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Apple’s (NASDAQ:AAPL) over-reliance on cheap Chinese labor has served it well in the last couple of decades since thanks to it the Cupertino tech giant managed to become one of the most valuable companies on Earth. However, the Covid-19 pandemic, the current energy crisis, and the war in Europe signal the end of a globalized era that will lead to further fragmentation of supply chains across the world. Major western companies are already in the process of bringing their supply chains closer to home in order to protect themselves against future geopolitical shocks.
This is not the case with Apple, which except for some minor efforts to outsource some of its production to third countries, continues to be too dependent on China. As a result, there’s a risk that Apple won’t be able to show the same outstanding performance as it did in the past due to the internal and external challenges that China as a whole is already facing or is about to face in the future. This article highlights three main Chinese-related risks that investors can no longer ignore when deciding whether to invest in the company.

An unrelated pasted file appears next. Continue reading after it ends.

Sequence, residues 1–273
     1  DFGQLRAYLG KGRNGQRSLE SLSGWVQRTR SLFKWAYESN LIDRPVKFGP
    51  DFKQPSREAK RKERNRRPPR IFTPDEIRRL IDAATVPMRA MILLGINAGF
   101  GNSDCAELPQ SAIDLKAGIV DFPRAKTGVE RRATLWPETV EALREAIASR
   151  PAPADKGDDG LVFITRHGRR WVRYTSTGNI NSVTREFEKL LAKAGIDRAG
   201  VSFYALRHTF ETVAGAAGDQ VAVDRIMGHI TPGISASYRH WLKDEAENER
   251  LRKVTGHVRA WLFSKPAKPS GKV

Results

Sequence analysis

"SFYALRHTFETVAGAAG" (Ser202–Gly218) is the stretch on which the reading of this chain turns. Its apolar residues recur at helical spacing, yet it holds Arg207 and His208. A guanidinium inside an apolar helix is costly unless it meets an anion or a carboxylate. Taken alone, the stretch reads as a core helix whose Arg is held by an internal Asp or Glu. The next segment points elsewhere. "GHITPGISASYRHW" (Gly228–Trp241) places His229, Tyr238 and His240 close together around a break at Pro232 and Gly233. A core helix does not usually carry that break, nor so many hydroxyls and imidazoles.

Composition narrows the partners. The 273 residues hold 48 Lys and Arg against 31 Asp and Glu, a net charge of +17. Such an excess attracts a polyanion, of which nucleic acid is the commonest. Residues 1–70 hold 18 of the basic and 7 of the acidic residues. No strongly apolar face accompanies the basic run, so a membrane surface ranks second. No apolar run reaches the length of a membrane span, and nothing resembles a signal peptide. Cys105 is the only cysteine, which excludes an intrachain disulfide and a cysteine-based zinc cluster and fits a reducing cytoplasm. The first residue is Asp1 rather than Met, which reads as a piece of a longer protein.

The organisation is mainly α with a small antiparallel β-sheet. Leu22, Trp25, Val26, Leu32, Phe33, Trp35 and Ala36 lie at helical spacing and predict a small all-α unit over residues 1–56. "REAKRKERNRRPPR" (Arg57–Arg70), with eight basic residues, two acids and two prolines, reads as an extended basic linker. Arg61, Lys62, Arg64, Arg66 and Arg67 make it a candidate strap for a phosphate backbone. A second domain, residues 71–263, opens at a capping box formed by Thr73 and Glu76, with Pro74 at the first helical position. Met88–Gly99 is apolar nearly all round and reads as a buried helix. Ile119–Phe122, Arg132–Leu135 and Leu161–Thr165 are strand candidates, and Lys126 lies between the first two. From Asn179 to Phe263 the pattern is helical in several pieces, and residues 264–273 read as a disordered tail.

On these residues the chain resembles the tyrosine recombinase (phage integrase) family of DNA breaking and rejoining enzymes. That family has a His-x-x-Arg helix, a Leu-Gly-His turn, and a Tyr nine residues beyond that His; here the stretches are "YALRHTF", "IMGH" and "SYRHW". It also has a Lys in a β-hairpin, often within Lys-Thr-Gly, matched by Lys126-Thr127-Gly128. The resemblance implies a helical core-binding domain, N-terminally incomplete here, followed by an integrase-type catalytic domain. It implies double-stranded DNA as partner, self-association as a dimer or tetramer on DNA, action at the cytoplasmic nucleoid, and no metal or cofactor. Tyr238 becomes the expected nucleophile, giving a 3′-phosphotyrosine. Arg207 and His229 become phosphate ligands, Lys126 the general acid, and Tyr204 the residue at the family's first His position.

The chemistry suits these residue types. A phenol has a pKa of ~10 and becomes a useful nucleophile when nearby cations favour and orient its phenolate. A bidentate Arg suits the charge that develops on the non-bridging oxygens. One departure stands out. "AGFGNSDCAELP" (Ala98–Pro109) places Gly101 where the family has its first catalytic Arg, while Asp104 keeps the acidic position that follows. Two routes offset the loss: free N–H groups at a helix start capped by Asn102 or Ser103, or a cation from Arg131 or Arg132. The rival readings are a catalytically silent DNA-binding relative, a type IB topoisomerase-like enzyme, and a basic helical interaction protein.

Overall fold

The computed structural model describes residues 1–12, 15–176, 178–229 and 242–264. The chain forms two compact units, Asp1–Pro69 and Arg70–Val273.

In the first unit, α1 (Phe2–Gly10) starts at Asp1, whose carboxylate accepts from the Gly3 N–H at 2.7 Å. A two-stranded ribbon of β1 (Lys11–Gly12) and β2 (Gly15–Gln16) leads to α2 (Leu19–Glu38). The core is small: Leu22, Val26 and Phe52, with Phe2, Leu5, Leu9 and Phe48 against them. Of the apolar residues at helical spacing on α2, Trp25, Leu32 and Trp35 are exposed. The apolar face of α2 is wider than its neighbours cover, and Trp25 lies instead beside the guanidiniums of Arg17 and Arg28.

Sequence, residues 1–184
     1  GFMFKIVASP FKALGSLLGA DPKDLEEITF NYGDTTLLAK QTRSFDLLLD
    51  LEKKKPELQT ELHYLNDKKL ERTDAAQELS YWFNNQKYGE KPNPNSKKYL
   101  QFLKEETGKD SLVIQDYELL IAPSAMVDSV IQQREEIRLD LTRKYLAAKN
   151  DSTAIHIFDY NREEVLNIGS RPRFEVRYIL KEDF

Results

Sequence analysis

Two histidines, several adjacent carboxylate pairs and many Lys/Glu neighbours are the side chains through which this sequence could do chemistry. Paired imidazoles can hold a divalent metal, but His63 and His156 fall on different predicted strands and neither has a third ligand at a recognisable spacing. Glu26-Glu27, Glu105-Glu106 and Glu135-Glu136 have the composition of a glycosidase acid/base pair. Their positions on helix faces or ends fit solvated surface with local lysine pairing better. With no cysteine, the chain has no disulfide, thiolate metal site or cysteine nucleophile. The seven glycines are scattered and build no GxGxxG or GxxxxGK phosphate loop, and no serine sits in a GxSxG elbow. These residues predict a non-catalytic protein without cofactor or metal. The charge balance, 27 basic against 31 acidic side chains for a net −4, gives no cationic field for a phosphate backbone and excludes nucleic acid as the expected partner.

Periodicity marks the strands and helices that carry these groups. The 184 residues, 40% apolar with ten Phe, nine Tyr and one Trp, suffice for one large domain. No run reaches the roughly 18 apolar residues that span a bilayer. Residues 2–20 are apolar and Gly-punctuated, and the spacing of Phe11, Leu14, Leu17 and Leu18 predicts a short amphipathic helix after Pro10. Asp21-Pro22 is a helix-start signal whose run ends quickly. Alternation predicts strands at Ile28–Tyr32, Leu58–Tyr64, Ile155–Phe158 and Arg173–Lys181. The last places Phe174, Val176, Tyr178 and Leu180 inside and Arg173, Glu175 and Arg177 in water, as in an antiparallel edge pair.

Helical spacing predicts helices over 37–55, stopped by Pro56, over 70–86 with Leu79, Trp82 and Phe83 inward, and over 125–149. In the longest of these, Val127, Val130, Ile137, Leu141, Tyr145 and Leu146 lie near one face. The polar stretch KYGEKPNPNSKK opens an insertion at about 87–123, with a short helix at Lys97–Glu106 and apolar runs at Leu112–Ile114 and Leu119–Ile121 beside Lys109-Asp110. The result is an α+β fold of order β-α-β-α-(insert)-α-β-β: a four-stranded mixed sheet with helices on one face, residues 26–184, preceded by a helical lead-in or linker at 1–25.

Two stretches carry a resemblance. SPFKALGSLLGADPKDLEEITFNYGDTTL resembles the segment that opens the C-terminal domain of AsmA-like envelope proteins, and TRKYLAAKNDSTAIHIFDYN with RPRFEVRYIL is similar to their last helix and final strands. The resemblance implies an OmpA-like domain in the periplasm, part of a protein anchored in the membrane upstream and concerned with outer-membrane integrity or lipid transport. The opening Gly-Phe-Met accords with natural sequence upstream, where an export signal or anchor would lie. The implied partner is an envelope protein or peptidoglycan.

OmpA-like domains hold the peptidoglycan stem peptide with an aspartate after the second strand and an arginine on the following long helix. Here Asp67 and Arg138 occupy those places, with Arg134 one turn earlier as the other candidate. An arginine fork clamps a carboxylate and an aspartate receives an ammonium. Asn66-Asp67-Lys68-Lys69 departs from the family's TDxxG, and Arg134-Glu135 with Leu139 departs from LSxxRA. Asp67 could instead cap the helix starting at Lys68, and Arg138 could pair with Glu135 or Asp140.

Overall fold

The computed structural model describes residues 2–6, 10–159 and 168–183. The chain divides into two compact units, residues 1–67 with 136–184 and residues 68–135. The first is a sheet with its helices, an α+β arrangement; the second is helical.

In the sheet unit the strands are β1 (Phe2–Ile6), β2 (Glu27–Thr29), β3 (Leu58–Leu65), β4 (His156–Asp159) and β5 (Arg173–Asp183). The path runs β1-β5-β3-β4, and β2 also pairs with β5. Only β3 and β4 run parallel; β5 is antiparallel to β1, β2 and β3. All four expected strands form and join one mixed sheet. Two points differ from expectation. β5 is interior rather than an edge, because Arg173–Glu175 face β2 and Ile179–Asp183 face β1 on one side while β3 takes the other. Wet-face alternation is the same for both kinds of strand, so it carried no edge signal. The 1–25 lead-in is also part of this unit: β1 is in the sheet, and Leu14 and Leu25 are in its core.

The Importance of China to Apple
China is an important country for Apple. If we go through the company’s Q2 results, which were released in April, we’ll see that revenues from the Greater China region accounted for ~19% of the overall revenues, while the operating income in the region accounts for ~27% of the overall operating income during the period. This makes Apple more exposed to the Chinese market than a great number of other western tech companies that also operate in the region.
On top of that, over the last few decades, Apple has also outsourced a large portion of production to the region. While the company manufactures its devices in 30 countries, 42% of all production is in China, and only 16% and 9% are in Japan and the United States, respectively. Thanks to the abundance of cheap labor, established assembly hubs, and governmental support, Apple has greatly benefited from close relationships with China in the past. However, such an over-exposure to one country also has its downsides that have already started to materialize.